Reckless Driving Increases Since COVID-19

Americans drove significantly less during the pandemic, but more people died in car crashes in 2020 than in 2019.

I’m so frustrated by the attitudes of drivers on the road these days. What are people thinking?  It seems like people are zooming past, zig-zagging in and out of the lanes, and just going too fast. Don’t people know it’s dangerous to drive like that? 

—Kara, San Francisco

You are right and the statistics are supporting your observations. People are driving faster and more erratically. Following several years of declining fatalities, the pandemic has killed in more ways than just the virus. When people were ordered to stay at home and shelter in place, many did. Overall, the National Safety Council’s numbers show that miles driven yearly decreased by 13 percent from 2019 to 2020. That is clear evidence that many Californians abided by the stay-at-home orders. Nonetheless, despite fewer miles driven, more people died in car crashes in 2020 than in 2019.  How is this possible? The simple answer is speeding.  

Nationally there were 42,060 traffic collision deaths in 2020 as compared to 39,107 in 2019. Only nine states had fewer deaths in 2020 than in 2019. Of the over 42,000 deaths in the United States, 3,723 of these deaths occurred on California roadways. Many of these lives were lost due to reckless driving and speeding.

The National Safety Council tracks collisions on a national level and breaks down the collisions by state. The California Highway Patrol and Office of Traffic Safety also track traffic collisions within California and analyze how and why collisions occurred.  

Unfortunately, with fewer cars out and about, it seems some drivers saw the less crowded roadways as invitations to speed.  Many of those who decided to drive recklessly caused severe collisions with fatalities to themselves and/or others.

Law enforcement made efforts to ticket bad actors, and anecdotally police have said that they stopped more speeders and issued more speeding tickets in 2020 than in years past, but they were unable to stop everyone. For a “standard” speeding ticket, a driver can get a point on their driver’s license and or go to traffic school. But, when a driver is more than a few miles over the speed limit, or has other aggravating factors such as alcohol and driving under the influence, a driver’s actions can be considered “reckless.” California Vehicle Code Section 23103 defines reckless driving as “a person who drives a vehicle upon a highway in a willful or wanton disregard for the safety of persons or property.”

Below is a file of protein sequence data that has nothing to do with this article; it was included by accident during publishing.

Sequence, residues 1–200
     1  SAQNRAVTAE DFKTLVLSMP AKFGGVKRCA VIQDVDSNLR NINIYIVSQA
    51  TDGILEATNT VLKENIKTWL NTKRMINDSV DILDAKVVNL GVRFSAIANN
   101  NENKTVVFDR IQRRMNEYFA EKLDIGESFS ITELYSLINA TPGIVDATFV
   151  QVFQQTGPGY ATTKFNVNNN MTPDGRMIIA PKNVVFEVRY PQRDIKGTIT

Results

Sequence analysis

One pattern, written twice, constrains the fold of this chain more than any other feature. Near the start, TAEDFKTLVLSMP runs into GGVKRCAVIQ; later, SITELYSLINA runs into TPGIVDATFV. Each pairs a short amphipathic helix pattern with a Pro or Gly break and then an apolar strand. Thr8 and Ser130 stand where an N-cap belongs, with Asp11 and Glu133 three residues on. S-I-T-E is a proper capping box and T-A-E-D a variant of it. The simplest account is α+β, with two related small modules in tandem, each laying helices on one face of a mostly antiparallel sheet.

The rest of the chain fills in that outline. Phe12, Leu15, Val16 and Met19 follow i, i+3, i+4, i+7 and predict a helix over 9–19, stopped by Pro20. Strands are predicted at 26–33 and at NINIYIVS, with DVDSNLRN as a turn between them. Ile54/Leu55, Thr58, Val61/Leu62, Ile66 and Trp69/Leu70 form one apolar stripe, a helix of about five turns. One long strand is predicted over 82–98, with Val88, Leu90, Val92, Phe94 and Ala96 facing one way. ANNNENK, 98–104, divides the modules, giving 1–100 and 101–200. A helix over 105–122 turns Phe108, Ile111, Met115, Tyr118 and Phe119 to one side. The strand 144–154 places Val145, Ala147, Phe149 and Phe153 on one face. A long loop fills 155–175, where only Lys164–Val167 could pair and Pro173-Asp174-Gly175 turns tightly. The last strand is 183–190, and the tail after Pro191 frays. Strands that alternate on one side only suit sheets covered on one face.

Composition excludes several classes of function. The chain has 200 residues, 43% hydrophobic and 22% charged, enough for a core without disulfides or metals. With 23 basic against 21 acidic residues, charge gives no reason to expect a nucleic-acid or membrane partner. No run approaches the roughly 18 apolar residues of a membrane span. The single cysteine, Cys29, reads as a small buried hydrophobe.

There are severe consequences for reckless driving that will impact a person’s life and finances. For instance, a driver can be sentenced to serve between five and ninety days in county jail. The fines can be up to $1,000 (CVC 23103(c)), and a conviction would also get them two points on their DMV record. A reckless driving conviction will also drive up a driver’s insurance premiums and their car can be impounded. Retrieving an impounded car is expensive, as some impound yards charge as much as $125 for the tow, a $100 or more in “release fees,” and daily storage fees on top of that. Additionally, a driver’s license can be revoked by the DMV for up to six months, which would interfere with a person’s commute to work and obligations to family members. Choosing to violate the suspended license would have a whole host of other severe consequences.

Reckless driving can be charged as a felony if it causes bodily injury. In addition to the monetary consequence of fines, court fees, and increased insurance premiums, such a conviction can lead to anywhere from 16 months to three years in prison. Even if a driver only gets set with a misdemeanor, it will show up on background checks and can deter a future employer from selecting them for a new job. Reckless driving can have severe and lasting consequences for a driver.

Separate and apart from reckless driving there is “excessive speeding,” which is driving at over 100 miles per hour. Excessive speed can be an infraction under CVC 22348(b) and carries fines up to up to $500.  If a driver is going over 30 miles per hour above the freeway speed, or 20 miles per hour over on a roadway it can also be a criminal offense. Excessive speeding fines range from $900 for first time offenders to $4,190 for repeat offenders. A driver’s license can be revoked from 30 days for a first-time offense, or up to a year for repeat offenders. There can also be two points added to a driver’s record with the Department of Motor Vehicles and increased insurance premiums.

With all of this, one would think that responsible driving should be the rule, not the exception. And yet, it often is not. Be safe out there.


Sidebar is sponsored content. Christopher B. Dolan is the owner of Dolan Law Firm, PC. Megan Irish is a Senior Associate Attorney in our San Francisco office. We serve clients throughout the San Francisco Bay Area and California from our offices in San Francisco, Oakland, and Los Angeles. Email questions and topics for future articles to: help@dolanlawfirm.com

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